I'm a big fan of Mandelstam's poetry, but as a non-Russian-speaker I can only enjoy it in translation, and I have heard that his poetry is actually very difficult to translate. I've certainly noticed that translations of his work can vary so widely that it makes me a little worried about accuracy (insofar as accuracy has to balance with other factors when translating poetry.) I thought this would be a good opportunity to have a sonic Mandelstam experience, hearing the poems in their original language. And I love Tchaikovsky.

The carefully curated program consisted of readings of poems, often corresponding to a certain time of year, alternating with Tchaikovsky piano pieces reflecting the seasons. Famous poems such as 'Alone, I look into the face of the frost' and 'Silentium' alternated with equally beautiful poems I wasn't yet familiar with. The program included English translations, which was perfect. Alla Gelich recited passionately and Nadia Giliova played beautifully.

Mandelstam's poems are very sensual and often playful, also extraordinarily intense. They often zoom in on details almost insignificant to the naked eye - the drops of sea spray, the glow of a wine jug - and invest them with hyper-significance. The poems went very well with the works of Tchaikovsky, who was an inspiration to the poet and whose music is passionate and story-telling.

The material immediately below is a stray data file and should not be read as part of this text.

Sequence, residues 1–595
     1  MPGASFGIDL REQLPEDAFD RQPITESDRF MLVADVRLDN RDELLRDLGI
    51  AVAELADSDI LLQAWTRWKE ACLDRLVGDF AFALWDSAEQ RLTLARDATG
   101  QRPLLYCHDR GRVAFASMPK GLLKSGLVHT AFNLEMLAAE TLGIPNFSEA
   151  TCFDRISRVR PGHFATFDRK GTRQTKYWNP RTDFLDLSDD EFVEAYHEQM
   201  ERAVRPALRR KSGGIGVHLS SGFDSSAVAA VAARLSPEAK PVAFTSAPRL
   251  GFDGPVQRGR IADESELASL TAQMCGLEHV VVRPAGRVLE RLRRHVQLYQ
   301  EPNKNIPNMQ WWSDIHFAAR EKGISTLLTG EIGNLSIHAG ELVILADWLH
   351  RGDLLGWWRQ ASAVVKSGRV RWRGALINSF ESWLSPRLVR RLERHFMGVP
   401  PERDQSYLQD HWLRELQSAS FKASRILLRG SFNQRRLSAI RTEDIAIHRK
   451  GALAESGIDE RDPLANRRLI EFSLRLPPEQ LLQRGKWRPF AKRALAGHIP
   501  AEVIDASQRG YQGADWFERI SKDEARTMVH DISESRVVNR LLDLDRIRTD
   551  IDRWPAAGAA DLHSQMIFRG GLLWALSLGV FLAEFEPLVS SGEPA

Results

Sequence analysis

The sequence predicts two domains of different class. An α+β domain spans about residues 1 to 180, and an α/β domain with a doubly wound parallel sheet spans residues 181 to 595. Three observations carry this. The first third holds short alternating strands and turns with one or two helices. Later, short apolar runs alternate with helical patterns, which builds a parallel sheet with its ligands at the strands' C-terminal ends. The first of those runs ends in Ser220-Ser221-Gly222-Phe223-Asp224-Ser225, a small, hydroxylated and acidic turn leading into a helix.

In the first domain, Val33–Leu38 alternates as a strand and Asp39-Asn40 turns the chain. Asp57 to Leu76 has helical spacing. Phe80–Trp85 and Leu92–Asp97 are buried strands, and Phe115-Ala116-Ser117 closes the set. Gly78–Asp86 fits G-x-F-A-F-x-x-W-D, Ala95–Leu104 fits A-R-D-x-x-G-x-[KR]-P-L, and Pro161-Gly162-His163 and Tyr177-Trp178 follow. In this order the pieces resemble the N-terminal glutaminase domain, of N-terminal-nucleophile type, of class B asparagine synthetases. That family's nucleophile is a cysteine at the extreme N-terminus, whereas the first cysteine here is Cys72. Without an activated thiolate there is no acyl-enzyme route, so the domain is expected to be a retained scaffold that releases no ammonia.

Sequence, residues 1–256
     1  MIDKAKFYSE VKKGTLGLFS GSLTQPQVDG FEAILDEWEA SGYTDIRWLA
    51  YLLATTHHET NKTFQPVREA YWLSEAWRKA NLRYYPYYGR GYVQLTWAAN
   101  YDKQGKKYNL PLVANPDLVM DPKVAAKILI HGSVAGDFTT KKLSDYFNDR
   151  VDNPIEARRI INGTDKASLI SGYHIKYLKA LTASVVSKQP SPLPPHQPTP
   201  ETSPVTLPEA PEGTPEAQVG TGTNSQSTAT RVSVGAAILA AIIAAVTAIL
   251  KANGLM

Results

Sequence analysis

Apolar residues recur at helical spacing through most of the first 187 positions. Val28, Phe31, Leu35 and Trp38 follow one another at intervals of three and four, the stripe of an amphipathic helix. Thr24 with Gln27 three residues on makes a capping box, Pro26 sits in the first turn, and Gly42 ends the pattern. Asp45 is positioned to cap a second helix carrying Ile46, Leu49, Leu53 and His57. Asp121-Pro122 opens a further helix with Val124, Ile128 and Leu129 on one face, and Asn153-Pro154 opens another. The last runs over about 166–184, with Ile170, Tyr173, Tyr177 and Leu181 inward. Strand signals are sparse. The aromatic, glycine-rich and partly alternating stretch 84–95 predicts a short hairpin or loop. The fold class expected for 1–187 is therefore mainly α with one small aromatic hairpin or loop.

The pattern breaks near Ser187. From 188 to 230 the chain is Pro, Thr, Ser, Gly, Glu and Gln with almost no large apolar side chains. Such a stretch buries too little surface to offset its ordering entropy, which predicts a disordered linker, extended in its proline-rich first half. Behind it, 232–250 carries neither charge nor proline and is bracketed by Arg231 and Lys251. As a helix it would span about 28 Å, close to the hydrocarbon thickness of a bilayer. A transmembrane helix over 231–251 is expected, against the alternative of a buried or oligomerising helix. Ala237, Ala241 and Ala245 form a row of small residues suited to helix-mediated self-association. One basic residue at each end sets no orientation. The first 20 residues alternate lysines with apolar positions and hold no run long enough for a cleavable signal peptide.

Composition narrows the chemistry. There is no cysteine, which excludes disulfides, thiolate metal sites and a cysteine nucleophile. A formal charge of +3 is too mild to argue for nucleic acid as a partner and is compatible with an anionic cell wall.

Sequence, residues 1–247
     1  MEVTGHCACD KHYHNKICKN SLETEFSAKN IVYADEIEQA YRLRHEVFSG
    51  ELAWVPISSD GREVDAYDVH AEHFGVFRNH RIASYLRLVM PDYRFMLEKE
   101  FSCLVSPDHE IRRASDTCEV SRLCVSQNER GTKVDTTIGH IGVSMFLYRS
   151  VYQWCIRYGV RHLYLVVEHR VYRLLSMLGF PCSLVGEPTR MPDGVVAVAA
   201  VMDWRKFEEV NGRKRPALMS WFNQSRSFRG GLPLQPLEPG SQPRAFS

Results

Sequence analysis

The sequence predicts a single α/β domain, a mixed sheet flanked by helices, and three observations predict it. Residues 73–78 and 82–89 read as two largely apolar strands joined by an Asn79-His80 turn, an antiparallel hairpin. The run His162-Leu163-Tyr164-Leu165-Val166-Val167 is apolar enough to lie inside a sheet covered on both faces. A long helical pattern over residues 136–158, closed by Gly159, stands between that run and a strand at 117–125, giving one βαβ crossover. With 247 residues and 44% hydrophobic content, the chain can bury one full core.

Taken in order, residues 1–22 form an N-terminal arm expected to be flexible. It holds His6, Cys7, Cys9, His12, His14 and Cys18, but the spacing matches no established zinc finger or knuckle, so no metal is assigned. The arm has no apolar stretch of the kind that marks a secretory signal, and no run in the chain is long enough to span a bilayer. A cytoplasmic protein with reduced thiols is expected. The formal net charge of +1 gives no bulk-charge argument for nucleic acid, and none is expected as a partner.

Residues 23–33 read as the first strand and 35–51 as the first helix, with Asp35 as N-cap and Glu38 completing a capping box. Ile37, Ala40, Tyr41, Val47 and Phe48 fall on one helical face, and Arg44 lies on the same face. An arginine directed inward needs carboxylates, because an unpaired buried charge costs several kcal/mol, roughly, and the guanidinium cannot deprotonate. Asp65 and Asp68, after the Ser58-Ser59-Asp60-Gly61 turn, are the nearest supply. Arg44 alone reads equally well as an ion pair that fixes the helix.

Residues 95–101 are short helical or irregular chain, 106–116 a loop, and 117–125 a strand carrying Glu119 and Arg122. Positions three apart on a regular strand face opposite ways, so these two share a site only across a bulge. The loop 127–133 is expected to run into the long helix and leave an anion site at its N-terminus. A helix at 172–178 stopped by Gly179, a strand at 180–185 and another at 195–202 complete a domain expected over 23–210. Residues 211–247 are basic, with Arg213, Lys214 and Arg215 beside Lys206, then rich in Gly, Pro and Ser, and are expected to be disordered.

For this time of year, I loved these lines:

Against a sky of pale-blue enamel,
The shade that only April can bring,
The branches of the birch-trees swayed
And, imperceptibly, it was evening.

(translation by David Brummell)

Sunday 9 April 2017

Poetry lately: Sherlock Holmes, Gardens, Coffee...

I tried to imagine what my own presence in the poetry world would look like if it were a place. The image that came to mind was one of the stone benches carved into the wall by the river in Battersea Park. So, here's an update from my stone bench by the Thames in Battersea Park.

To accompany their latest poets-in-residence-in-gardens program, Mixed Borders, the Poetry School released an e-pamphlet of poems from the 2016 program, in which I took part. A couple of my poems are in this pamphlet and you can find it here.

Josephine Corcoran's lovely online poetry journal And Other Poems has published two of my Sherlock Holmes poems, 'Holmes in Florence' and 'Sherlock Holmes in Antarctica'. You can read them here.

Finally, I wanted to mention what I did on World Poetry Day, which was on 21 March. It's a UNESCO event which doesn't get a lot of attention in the UK compared to National Poetry Day later in the year. However, as they've done in other years, the Austrian coffee company Julius Meinl was running their own World Poetry Day endeavour, Pay with a Poem. A lot of cafes and restaurants in continental Europe were participating, but only a few in London. To my great pleasure, though, one of the cafes where I sometimes go for lunch at work, Manna Dew, was taking part. So I got my free coffee, and this is what I came up with (click on the photo to enlarge):

In the evening on World Poetry Day I also went to the launch of the latest issue of Modern Poetry in Translation, including wonderful readings by Denise Riley and Don Mee Choi. You can listen to a podcast of the event here: http://www.mptmagazine.com/article/podcast-denise-riley-and-don-mee-choi-read-at-the-launch-of-mpt-the-blue-vein-88/